“I know that I’m a prisoner
To all my father held so dear
I know that I’m a hostage
To all his hopes and fears
I just wish I could have told him in the living years.”
—“The Living Years,” Mike + the Mechanics
My mother asked me to help her change the batteries in her bedroom wall clock. “Look.” She pointed to the limpid timepiece, with its prominent caduceus tattoo—a “gift” from a drug representative, rescued from Dad’s office after his retirement. The second hand pulsed, steady but weak—determined, but tethered—at the bottom of the hour.
“Do you have the time?” she asked, hurrying to the kitchen. “I know you’re busy.” She was afraid I’d follow her, and leave the chore unfinished. “I know there’s some new batteries here in Dad’s drawer,” she called over her shoulder. I knew the drawer. Everyone does, it’s an Idaho country kitchen staple. So I was not surprised when she found some batteries, still in their original package. Continue reading →
I’m standing in the Museum of Idaho. This is not the new part, which is mirrored on the outside, tall and bright on the inside, and currently hosts an exhibit of carousels. I’m in the original museum, once Idaho Falls’s first public library.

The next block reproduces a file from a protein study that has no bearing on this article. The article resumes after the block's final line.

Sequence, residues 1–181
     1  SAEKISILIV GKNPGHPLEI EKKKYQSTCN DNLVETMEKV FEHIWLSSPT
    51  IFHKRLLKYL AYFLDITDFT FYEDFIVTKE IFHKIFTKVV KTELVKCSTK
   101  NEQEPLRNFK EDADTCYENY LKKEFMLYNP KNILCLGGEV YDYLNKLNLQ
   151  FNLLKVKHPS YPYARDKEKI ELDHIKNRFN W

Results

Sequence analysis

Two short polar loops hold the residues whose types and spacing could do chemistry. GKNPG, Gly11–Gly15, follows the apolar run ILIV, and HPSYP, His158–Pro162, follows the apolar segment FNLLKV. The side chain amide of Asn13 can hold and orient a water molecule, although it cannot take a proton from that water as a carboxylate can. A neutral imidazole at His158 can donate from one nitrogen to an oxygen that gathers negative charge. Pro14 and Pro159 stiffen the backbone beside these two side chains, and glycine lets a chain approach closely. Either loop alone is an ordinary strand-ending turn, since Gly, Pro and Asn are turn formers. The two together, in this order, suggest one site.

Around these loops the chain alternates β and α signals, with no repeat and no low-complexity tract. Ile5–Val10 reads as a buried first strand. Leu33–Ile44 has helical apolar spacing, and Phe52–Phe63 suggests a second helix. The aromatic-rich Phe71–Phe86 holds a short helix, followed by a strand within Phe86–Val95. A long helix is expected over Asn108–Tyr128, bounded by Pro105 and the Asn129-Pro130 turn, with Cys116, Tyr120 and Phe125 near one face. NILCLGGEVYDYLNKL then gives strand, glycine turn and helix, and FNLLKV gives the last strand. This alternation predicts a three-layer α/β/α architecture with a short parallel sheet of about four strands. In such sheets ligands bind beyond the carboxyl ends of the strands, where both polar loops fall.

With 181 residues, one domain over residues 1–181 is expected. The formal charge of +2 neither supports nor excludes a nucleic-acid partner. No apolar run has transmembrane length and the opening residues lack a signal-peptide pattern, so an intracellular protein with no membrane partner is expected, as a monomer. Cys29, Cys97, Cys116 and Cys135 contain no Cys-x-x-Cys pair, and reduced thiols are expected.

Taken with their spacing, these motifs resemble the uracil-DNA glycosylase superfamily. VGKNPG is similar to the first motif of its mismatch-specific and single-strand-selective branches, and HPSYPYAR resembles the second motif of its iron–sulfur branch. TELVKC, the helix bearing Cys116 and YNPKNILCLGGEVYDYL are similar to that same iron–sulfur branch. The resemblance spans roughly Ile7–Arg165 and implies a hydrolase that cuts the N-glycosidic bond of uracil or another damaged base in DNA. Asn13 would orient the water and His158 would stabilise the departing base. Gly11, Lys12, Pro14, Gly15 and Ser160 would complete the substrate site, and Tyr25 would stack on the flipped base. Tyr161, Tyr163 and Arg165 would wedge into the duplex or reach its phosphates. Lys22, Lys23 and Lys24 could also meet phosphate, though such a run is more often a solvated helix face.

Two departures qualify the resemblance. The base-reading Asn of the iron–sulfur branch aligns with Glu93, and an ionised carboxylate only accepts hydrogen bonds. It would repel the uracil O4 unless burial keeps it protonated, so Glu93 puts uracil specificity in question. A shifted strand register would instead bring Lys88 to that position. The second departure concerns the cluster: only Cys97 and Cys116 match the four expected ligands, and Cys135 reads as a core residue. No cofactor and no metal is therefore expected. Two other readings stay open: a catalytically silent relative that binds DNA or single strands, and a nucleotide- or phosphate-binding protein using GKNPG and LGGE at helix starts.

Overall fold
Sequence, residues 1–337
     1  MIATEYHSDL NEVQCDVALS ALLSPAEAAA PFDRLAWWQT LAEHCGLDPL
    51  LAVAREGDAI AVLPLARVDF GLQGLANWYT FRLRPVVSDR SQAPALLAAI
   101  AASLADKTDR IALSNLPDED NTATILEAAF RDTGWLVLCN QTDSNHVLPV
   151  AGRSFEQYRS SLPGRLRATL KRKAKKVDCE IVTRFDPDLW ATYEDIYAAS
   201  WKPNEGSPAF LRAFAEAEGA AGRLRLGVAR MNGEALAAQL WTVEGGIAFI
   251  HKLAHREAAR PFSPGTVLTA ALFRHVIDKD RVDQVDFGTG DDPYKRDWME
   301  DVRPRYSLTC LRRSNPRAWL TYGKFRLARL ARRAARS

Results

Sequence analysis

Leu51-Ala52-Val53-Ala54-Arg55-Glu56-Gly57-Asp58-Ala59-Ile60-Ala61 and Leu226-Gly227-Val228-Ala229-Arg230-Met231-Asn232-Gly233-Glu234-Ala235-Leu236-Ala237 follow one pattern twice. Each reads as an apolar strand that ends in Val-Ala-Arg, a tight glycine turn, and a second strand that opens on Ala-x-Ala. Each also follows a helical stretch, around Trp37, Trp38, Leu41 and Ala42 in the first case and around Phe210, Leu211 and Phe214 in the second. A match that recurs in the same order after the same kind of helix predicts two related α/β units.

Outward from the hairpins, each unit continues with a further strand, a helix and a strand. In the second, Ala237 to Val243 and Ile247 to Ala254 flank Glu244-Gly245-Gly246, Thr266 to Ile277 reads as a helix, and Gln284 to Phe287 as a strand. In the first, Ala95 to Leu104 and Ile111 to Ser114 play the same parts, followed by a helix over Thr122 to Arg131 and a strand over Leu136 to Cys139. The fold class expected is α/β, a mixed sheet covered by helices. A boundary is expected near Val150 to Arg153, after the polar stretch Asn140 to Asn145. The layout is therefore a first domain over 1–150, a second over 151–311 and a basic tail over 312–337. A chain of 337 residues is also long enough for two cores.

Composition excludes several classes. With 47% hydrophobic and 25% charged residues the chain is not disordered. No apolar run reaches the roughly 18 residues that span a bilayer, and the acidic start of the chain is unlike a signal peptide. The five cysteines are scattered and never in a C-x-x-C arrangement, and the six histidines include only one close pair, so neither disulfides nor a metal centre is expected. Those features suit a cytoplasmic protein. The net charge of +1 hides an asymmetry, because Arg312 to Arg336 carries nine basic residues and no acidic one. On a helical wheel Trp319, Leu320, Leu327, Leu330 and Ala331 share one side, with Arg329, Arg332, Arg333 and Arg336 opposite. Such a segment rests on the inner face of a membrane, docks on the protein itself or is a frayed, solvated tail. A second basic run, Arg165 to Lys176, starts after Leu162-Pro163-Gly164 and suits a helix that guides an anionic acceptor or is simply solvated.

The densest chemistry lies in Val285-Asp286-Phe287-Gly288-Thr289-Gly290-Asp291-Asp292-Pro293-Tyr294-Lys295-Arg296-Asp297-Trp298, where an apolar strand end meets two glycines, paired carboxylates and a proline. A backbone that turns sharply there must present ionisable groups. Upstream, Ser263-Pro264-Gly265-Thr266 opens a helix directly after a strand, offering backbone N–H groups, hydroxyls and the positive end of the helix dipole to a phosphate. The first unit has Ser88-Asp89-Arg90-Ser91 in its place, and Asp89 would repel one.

This is where you go in my town to contemplate the significance of small things that were but are not. Things like the fact that one day in 1915, four women in long skirts, two men in bow ties, and a scruffy boy in overalls paused a game of croquet long enough to pose for a camera.
It is silent in this room. From the new wing comes faint calliope music. Continue reading →
Many of us in Idaho are used to the annual cottonwood event, during which the cottony stuff can pile up like snow. Not everyone is aware of its flammability.